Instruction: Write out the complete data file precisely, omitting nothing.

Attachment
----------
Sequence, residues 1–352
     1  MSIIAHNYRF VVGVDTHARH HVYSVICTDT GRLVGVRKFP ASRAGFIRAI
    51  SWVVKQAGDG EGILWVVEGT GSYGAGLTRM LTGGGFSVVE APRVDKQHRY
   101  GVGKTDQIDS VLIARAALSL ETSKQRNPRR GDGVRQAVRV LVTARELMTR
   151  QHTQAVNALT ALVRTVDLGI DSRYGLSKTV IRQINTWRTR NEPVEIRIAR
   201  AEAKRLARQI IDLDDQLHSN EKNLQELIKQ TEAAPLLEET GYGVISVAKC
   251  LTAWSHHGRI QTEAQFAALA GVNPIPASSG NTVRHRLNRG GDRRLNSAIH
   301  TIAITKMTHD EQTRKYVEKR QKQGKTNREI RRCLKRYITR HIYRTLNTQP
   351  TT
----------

Sequence, residues 1–352
     1  MSIIAHNYRF VVGVDTHARH HVYSVICTDT GRLVGVRKFP ASRAGFIRAI
    51  SWVVKQAGDG EGILWVVEGT GSYGAGLTRM LTGGGFSVVE APRVDKQHRY
   101  GVGKTDQIDS VLIARAALSL ETSKQRNPRR GDGVRQAVRV LVTARELMTR
   151  QHTQAVNALT ALVRTVDLGI DSRYGLSKTV IRQINTWRTR NEPVEIRIAR
   201  AEAKRLARQI IDLDDQLHSN EKNLQELIKQ TEAAPLLEET GYGVISVAKC
   251  LTAWSHHGRI QTEAQFAALA GVNPIPASSG NTVRHRLNRG GDRRLNSAIH
   301  TIAITKMTHD EQTRKYVEKR QKQGKTNREI RRCLKRYITR HIYRTLNTQP
   351  TT